If I feel powerless over what fellow Americans do and think, you can triple that for my influence on Brits, so the following musings are somewhat below pointless. Still...
7/7/2005 (2+5=7) gives the numerical symmetry that organized terrorists seem to prefer these days. And adding all three sevens we get 21, the day the House of the Union Jack gets beaten by Blackjack. Parallelism all round. How auspicious.
After yesterday's bombings, commentators and Londoners themselves reminded us of their courage during WWII's Blitz and more lately during the IRA's campaign of terror bombing from 1970 on, when people began rationalizing random violence as an appropriate expression of political dissent. One Brit I know sniped yesterday that it was Bush's and Blair's Iraq policy of the last 3 years that had made them unsafe, despite everyone proudly citing survival of 60+ years of continuing assaults on British civilization. And as I watched the calmness and efficiency with which they began sweeping up the pieces, and admired their scrap in heading to the pubs and out to shop, an ugly worm of a thought crept into my head and sat there for hours. Later, I saw a British journalist say outsiders shouldn't mistake the demeanor for complacence, so I'll give it a minute or two and see what happens. But the ugly image occupying my mind was of a battered woman clinging to her abuser, a person become so twisted in her expectations that she's prouder of her strong chin than infuriated she's become a punching bag. That's just what I imagined. I don't claim to know if it's real.
Mark Steyn has long tied the current radicalization of Muslim communities in Europe not to recent aggressive action against Islamofascists, but to the 1990's general inaction on the Bosnian genocide of Muslims. While worth noting that the U.S. eventually applied the leverage that stopped the killing, action was very slow in coming. It was our and the rest of the world's dithering ignorance while Bosnia bled for years, Steyn says, which reconnected previously estranged and disaffected Muslims with their religion in its most extreme form. He also cites P.C. cowardice in facing head-on the known problem areas of hostile, unassimilated Muslims aided financially and otherwise by Saudi Wahabbists. If it's true, all the more reason to work the levers hard on Sudan to stop the killing in Darfur and lock our eyes on the Saudi money trail. I'm afraid in such cases I would choose to be a bit of a meddler. Tell Stalin my idea of other nations' sovereignty stops at mass murder, Mao.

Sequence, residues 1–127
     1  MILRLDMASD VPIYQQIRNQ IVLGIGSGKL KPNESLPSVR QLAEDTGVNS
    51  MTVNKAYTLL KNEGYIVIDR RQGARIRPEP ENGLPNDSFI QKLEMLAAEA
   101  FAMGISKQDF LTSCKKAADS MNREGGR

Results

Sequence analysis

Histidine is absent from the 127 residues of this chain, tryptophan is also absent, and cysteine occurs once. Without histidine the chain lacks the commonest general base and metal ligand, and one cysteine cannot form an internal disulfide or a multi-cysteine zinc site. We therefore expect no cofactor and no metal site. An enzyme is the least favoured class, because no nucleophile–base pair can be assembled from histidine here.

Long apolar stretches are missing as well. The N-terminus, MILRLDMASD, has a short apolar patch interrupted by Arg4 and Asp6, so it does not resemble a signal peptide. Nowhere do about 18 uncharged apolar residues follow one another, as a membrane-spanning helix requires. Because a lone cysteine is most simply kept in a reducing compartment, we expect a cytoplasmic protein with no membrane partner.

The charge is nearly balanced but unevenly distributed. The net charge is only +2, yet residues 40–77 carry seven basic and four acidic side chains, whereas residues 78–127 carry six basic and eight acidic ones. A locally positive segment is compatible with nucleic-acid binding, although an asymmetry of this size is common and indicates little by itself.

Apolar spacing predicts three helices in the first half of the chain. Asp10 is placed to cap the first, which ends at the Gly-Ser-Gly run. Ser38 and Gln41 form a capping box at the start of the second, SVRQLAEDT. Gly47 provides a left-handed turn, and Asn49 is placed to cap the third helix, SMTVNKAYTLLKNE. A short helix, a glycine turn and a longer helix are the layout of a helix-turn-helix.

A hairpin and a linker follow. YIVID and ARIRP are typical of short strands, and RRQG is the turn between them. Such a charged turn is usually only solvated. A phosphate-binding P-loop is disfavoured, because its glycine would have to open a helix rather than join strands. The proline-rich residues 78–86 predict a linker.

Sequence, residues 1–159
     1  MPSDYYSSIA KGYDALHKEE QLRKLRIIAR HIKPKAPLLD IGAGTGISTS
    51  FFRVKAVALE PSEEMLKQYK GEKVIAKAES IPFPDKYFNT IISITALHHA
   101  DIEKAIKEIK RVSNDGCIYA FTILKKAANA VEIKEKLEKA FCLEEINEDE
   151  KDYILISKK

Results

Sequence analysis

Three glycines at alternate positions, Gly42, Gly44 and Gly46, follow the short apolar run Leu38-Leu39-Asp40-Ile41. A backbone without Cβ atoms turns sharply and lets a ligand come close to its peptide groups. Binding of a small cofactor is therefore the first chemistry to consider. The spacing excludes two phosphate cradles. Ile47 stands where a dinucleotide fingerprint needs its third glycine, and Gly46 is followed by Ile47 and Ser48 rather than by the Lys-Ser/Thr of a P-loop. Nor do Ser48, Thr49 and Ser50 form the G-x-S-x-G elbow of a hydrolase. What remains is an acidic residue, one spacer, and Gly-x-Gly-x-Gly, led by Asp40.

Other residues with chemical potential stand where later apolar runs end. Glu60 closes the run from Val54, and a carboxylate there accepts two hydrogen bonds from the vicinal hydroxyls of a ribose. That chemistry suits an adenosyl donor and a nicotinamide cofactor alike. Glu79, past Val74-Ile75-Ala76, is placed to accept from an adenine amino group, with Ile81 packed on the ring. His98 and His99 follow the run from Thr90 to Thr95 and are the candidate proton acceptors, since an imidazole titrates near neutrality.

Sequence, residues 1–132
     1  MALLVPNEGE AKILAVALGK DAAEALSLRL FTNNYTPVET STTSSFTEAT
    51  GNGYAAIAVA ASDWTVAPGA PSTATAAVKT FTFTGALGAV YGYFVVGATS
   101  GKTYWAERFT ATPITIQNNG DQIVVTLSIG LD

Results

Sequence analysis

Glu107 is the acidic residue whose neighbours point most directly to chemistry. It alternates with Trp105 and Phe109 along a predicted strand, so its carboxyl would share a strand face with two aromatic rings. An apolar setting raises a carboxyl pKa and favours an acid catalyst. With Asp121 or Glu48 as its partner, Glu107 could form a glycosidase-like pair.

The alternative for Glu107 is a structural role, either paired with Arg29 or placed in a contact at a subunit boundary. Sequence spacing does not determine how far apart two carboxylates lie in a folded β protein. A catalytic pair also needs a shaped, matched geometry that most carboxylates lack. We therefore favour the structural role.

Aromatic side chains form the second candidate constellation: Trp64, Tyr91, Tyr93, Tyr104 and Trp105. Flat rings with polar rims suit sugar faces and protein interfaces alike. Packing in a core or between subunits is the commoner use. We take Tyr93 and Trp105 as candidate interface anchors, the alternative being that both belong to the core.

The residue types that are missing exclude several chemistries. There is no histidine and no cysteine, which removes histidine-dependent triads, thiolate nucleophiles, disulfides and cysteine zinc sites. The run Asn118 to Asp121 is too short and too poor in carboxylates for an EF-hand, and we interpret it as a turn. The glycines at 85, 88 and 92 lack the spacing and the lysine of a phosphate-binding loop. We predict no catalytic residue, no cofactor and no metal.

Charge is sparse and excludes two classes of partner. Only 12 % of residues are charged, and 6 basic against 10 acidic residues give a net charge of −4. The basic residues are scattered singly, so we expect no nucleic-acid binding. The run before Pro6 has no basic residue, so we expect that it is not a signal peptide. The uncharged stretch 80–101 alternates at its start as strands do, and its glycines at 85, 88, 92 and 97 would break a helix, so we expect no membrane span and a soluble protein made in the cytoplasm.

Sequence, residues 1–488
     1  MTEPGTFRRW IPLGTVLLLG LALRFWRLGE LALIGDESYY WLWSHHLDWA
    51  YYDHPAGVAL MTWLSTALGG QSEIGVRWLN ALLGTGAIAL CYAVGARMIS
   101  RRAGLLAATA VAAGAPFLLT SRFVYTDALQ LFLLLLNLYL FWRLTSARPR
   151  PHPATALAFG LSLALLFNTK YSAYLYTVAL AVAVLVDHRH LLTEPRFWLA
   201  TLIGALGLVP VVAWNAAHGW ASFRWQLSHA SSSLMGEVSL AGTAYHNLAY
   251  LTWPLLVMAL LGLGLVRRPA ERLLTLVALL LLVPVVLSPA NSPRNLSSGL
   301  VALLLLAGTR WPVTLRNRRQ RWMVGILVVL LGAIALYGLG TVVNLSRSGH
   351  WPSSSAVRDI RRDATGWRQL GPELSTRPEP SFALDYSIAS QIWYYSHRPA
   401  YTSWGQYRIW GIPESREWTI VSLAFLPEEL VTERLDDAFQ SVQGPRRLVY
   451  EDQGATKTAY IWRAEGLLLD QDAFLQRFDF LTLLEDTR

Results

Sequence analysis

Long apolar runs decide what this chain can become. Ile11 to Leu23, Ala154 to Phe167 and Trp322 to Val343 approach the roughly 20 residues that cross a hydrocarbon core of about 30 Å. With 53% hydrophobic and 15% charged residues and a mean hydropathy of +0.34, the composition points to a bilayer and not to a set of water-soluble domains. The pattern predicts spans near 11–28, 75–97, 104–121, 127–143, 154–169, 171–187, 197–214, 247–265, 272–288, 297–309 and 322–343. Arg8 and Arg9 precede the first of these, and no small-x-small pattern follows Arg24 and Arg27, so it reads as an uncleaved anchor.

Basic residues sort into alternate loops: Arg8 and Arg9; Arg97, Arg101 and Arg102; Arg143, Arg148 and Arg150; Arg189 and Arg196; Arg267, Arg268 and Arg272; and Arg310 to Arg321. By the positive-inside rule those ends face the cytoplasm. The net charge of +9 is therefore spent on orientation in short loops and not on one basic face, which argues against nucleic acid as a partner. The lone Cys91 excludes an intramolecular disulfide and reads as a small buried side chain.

UPDATE: Maybe my perception of the British reponse isn't all my imagination. Some Brit journalists are saying it, too. Here are Melanie Phillips and John Derbyshire. Not to mention foreign policy analyst Victor Davis Hanson who says not much will change from these events.
2) In news I find uplifting, here's the International Digital Children's Library, providing free online books with illustrations in 9 languages. Among the goals of this project, number one is "...to create a collection of more than 10,000 books in at least 100 languages that is freely available to children, teachers, librarians, parents, and scholars throughout the world via the Internet..." Despite the middle-class creds of many terrorists, I still believe that educated minds are less interested in busting heads. Education can create progress for both Africa and the Middle East, especially if we could get all the girls in school.
3) In a special obituary that I didn't want to overlook among the current fluxes, the prolific and gifted author born as Salvatore Lombino in 1926 has died. He became famous both as Evan Hunter and Ed McBain, writer of The Blackboard Jungle, screenwriter of Hitchcock's The Birds, and inventor of the police procedural. After 55 novels of the 87th Precinct alone (not to mention his other series, novels and screenplays), after 78 years and over 100 million copies, whatever your name is, may you Rock In Peace!
4) I was going to tell you to eat a sundae today, in honor and gratitude for the Blue Law workaround of druggist Edward Berner of Two Rivers, Wisconsin on this day in 1881. However, as I researched the details, I found sundae controversy. Did the real inventor work at Chester Platt's drugstore in Ithaca, New York? Or was it popularized in Evanston, Illinois? I ran out of steam to care. Just eat a sundae, darn it.